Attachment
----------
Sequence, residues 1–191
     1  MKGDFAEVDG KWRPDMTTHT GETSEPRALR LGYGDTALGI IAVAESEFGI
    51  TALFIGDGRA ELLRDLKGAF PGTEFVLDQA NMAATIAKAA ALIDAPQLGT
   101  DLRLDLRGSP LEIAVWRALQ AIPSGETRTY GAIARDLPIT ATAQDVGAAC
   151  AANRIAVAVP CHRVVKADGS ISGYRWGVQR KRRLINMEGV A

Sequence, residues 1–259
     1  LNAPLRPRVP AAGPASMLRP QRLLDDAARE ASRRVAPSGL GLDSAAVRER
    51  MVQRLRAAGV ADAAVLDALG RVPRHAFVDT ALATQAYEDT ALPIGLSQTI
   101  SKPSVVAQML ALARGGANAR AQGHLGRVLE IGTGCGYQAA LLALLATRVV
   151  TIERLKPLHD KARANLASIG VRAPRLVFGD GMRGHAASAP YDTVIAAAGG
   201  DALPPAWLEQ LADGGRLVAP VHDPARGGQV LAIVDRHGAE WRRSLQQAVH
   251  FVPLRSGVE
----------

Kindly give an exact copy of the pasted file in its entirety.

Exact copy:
Sequence, residues 1–191
     1  MKGDFAEVDG KWRPDMTTHT GETSEPRALR LGYGDTALGI IAVAESEFGI
    51  TALFIGDGRA ELLRDLKGAF PGTEFVLDQA NMAATIAKAA ALIDAPQLGT
   101  DLRLDLRGSP LEIAVWRALQ AIPSGETRTY GAIARDLPIT ATAQDVGAAC
   151  AANRIAVAVP CHRVVKADGS ISGYRWGVQR KRRLINMEGV A

Sequence, residues 1–259
     1  LNAPLRPRVP AAGPASMLRP QRLLDDAARE ASRRVAPSGL GLDSAAVRER
    51  MVQRLRAAGV ADAAVLDALG RVPRHAFVDT ALATQAYEDT ALPIGLSQTI
   101  SKPSVVAQML ALARGGANAR AQGHLGRVLE IGTGCGYQAA LLALLATRVV
   151  TIERLKPLHD KARANLASIG VRAPRLVFGD GMRGHAASAP YDTVIAAAGG
   201  DALPPAWLEQ LADGGRLVAP VHDPARGGQV LAIVDRHGAE WRRSLQQAVH
   251  FVPLRSGVE